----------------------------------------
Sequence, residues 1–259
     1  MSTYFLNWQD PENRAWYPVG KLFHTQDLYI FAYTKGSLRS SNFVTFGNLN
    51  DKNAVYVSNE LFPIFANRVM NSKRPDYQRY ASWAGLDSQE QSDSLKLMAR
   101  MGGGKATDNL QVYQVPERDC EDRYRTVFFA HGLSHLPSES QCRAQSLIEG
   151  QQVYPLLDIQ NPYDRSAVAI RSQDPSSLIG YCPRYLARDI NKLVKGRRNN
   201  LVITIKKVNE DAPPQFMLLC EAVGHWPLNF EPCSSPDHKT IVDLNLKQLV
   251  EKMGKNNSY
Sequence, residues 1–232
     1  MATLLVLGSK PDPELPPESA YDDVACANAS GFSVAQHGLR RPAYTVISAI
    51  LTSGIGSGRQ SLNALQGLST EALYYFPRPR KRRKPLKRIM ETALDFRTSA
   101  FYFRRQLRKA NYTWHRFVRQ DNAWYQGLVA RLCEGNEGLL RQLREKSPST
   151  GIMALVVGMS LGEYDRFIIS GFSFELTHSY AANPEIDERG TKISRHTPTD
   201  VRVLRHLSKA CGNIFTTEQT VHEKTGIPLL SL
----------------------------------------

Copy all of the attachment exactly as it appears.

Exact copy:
Sequence, residues 1–259
     1  MSTYFLNWQD PENRAWYPVG KLFHTQDLYI FAYTKGSLRS SNFVTFGNLN
    51  DKNAVYVSNE LFPIFANRVM NSKRPDYQRY ASWAGLDSQE QSDSLKLMAR
   101  MGGGKATDNL QVYQVPERDC EDRYRTVFFA HGLSHLPSES QCRAQSLIEG
   151  QQVYPLLDIQ NPYDRSAVAI RSQDPSSLIG YCPRYLARDI NKLVKGRRNN
   201  LVITIKKVNE DAPPQFMLLC EAVGHWPLNF EPCSSPDHKT IVDLNLKQLV
   251  EKMGKNNSY
Sequence, residues 1–232
     1  MATLLVLGSK PDPELPPESA YDDVACANAS GFSVAQHGLR RPAYTVISAI
    51  LTSGIGSGRQ SLNALQGLST EALYYFPRPR KRRKPLKRIM ETALDFRTSA
   101  FYFRRQLRKA NYTWHRFVRQ DNAWYQGLVA RLCEGNEGLL RQLREKSPST
   151  GIMALVVGMS LGEYDRFIIS GFSFELTHSY AANPEIDERG TKISRHTPTD
   201  VRVLRHLSKA CGNIFTTEQT VHEKTGIPLL SL